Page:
Maersk’s New Workboat Speeds Up Offshore Wind Construction By 30%

Maersk Supply Service is stepping up to address a critical challenge in the burgeoning offshore wind industry: a shortage of specialized vessels slowing down development. Their innovative solution centers around a dedicated Wind Installation Vessel (WIV) stationed directly at the wind farm site.


Unlike traditional methods where vessels move from site to site, the WIV remains in place, continuously working on installations. Meanwhile, a fleet of specially designed barges and tugboats act as a dedicated supply line, continuously delivering turbine components to the WIV.

This streamlined approach promises to significantly accelerate installation times and bring wind farms online much faster.

Targeting the US wind industry for the initial deployment, Maersk plans to utilize a system comprised of two tugs and two barges specifically designed to work seamlessly with the WIV. These feeder vessels will be constructed by Bollinger Shipyards, a Louisiana-based company with a strong reputation in shipbuilding.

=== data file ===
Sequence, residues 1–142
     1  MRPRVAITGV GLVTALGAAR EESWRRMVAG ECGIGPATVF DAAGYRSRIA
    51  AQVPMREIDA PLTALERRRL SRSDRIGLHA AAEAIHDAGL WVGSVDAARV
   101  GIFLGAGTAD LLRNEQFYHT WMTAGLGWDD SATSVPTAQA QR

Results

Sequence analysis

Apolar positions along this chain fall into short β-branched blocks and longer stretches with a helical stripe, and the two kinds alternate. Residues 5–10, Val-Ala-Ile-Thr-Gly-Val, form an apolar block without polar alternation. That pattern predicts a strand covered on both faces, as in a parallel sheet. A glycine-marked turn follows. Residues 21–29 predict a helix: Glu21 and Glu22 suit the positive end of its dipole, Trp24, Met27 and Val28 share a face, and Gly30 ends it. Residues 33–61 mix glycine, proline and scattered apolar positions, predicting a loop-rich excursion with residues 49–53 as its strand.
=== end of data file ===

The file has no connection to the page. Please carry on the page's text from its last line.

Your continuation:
ECO (Edison Chouest Offshore), another Louisiana firm with expertise in marine operations, will take ownership and responsibility for operating these feeder vessels. The entire system, expected to be operational by 2026, has the potential to revolutionize offshore wind farm construction in the US and beyond.

Using U.S.-built, -owned and -flagged tugs and barges to ferry turbine components, Maersk Supply Service’s innovative locking and stabilizing mechanism between the WIV and barge will render installations far less dependent on weather conditions, thereby reducing the number of operating days required to install a wind park.

By streamlining the installation process, Maersk Supply Service’s innovative method could significantly contribute to accelerating the clean energy transition and bringing us closer to a sustainable future.

Reference- Maersk Newsroom, Clean Technica, Interesting Engineering, Offshore Wind Biz